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1, 2 Lodge Street

A Category B Listed Building in Haddington, East Lothian

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Latitude: 55.9552 / 55°57'18"N

Longitude: -2.7785 / 2°46'42"W

OS Eastings: 351485

OS Northings: 673850

OS Grid: NT514738

Mapcode National: GBR 2R.XZNW

Mapcode Global: WH7TY.9L40

Plus Code: 9C7VX64C+3H

Entry Name: 1, 2 Lodge Street

Listing Date: 5 February 1971

Category: B

Source: Historic Scotland

Source ID: 378475

Historic Scotland Designation Reference: LB34246

Building Class: Cultural

Location: Haddington

County: East Lothian

Town: Haddington

Electoral Ward: Haddington and Lammermuir

Traditional County: East Lothian

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Possibly dating to the early 18th century with later 18th century additions and alterations and early 21st century interior alterations. 1 and 2 Lodge Street is a two-storey, three-bay, L-plan former townhouse at the centre of the burgh of Haddington. The building was adapted and used as a Freemasons' hall from around the late 18th to the late 19th centuries. The north (street) elevation has an archway to a pend (Roughead Close) leading to 2A Lodge Street (see separate listing, LB34247) to the left and an off-centre doorway flanked by two small windows to the right. In the left reveal of the archway is an engaged and painted stone column with a base and moulded capital. The street elevation has painted render over rubble and the rear elevation is rubble. The first floor has a central Venetian window with a corbelled cill and deep pediments over four colonnettes. This window is flanked by two separate single windows.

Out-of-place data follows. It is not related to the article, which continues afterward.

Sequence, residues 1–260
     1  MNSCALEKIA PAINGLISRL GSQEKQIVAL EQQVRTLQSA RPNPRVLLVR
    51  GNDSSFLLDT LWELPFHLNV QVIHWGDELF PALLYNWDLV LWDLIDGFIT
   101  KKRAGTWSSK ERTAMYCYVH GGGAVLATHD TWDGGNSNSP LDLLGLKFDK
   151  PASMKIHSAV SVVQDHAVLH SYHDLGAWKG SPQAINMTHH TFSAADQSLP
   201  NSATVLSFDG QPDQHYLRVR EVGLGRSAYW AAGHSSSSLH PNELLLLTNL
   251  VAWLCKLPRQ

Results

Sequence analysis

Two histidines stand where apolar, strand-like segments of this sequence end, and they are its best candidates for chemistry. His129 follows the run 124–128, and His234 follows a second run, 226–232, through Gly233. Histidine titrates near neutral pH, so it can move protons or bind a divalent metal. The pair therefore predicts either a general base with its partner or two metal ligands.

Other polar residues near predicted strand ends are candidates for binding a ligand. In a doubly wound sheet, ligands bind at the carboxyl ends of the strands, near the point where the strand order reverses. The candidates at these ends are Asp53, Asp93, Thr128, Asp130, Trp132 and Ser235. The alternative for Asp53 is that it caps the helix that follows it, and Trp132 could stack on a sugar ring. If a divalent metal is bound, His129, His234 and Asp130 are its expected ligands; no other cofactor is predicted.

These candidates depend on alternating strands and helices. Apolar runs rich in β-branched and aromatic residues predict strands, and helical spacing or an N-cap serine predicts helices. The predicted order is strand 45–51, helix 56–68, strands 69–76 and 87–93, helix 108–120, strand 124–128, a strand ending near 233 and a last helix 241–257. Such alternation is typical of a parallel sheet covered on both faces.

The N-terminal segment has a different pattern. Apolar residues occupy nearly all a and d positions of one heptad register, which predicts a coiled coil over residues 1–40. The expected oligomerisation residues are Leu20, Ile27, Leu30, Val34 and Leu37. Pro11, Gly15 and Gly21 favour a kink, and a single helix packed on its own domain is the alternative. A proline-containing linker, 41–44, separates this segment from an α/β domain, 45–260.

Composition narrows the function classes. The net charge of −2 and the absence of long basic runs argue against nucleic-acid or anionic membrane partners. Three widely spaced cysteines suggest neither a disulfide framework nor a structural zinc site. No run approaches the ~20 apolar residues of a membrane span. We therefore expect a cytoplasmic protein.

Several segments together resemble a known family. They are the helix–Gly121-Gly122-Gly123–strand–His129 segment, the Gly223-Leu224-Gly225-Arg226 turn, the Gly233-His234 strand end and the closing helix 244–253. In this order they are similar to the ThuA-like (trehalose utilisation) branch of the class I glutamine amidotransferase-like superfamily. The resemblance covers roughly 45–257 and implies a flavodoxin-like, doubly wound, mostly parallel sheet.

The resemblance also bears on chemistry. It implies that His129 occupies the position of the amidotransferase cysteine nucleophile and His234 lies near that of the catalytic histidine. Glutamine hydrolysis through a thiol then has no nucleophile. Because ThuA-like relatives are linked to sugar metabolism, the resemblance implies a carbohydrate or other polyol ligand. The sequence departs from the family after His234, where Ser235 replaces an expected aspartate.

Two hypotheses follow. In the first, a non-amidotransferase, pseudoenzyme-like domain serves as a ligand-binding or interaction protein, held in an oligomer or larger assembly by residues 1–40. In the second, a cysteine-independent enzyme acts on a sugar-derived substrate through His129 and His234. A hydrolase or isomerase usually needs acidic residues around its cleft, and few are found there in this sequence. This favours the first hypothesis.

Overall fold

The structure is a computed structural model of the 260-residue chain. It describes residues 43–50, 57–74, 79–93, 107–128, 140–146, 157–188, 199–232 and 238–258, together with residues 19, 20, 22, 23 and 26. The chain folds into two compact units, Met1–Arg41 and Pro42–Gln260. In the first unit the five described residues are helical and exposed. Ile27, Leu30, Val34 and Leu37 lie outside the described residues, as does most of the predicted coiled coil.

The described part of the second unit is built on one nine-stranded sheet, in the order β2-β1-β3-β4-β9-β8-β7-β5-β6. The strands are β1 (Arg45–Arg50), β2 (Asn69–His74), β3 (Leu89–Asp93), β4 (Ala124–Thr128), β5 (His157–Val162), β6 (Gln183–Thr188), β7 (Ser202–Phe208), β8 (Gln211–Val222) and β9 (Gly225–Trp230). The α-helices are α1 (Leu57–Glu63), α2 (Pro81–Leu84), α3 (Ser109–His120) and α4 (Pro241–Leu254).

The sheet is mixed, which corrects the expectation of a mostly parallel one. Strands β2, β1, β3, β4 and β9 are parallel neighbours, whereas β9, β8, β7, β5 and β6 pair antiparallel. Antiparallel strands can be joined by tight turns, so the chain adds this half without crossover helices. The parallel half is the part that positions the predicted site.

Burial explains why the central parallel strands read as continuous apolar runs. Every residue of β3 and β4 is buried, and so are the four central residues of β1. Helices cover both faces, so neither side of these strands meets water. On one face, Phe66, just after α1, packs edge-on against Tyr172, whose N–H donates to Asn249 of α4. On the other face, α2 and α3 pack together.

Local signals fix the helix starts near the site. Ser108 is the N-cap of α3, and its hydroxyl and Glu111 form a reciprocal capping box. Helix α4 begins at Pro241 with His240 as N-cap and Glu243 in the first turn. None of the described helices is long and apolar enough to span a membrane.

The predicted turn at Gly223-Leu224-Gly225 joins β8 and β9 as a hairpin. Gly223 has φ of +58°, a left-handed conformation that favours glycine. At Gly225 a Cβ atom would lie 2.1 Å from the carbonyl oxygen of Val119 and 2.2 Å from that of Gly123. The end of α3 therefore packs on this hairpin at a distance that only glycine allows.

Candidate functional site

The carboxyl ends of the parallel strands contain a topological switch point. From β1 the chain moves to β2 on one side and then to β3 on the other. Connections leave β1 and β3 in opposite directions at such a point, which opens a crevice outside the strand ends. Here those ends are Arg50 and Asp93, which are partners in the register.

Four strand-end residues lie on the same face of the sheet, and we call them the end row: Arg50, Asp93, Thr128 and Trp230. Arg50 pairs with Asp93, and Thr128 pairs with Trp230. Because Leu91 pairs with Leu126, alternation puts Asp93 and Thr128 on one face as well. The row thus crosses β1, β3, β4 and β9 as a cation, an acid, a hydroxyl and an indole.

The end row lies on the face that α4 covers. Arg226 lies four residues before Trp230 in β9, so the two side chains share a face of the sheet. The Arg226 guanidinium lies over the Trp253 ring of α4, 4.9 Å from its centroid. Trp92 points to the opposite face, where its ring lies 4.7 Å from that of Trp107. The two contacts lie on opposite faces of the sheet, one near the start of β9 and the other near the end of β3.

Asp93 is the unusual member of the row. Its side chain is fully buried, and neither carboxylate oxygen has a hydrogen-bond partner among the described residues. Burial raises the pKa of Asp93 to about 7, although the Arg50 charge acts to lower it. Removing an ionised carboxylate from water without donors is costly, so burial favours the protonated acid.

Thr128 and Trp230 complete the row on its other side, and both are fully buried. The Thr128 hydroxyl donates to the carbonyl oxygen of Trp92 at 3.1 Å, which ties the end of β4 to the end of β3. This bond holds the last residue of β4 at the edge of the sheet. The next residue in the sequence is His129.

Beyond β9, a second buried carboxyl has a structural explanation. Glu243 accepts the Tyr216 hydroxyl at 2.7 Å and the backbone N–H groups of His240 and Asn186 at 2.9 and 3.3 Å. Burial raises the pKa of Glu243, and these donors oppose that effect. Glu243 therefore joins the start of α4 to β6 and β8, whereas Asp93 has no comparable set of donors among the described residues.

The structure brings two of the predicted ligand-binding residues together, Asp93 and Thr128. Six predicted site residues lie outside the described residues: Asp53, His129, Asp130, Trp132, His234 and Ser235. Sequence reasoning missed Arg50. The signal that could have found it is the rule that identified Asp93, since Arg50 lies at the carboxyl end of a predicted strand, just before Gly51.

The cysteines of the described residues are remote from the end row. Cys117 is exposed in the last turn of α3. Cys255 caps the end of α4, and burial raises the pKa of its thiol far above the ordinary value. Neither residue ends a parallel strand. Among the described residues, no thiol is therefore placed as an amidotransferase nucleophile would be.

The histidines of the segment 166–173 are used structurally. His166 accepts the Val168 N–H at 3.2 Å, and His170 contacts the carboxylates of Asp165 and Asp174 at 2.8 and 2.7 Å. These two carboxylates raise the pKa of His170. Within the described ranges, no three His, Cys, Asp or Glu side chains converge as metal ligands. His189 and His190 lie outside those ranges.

The window and door openings have raised and painted dressed stone margins. There is a smooth rendered base course and two iron pattress plates (building ties) over the central window. The roofs are slated and there are stone skews. On the west end of the roof ridge is a pair of plain chimney cans with no chimney stack. There is a brick chimney stack on the rear section.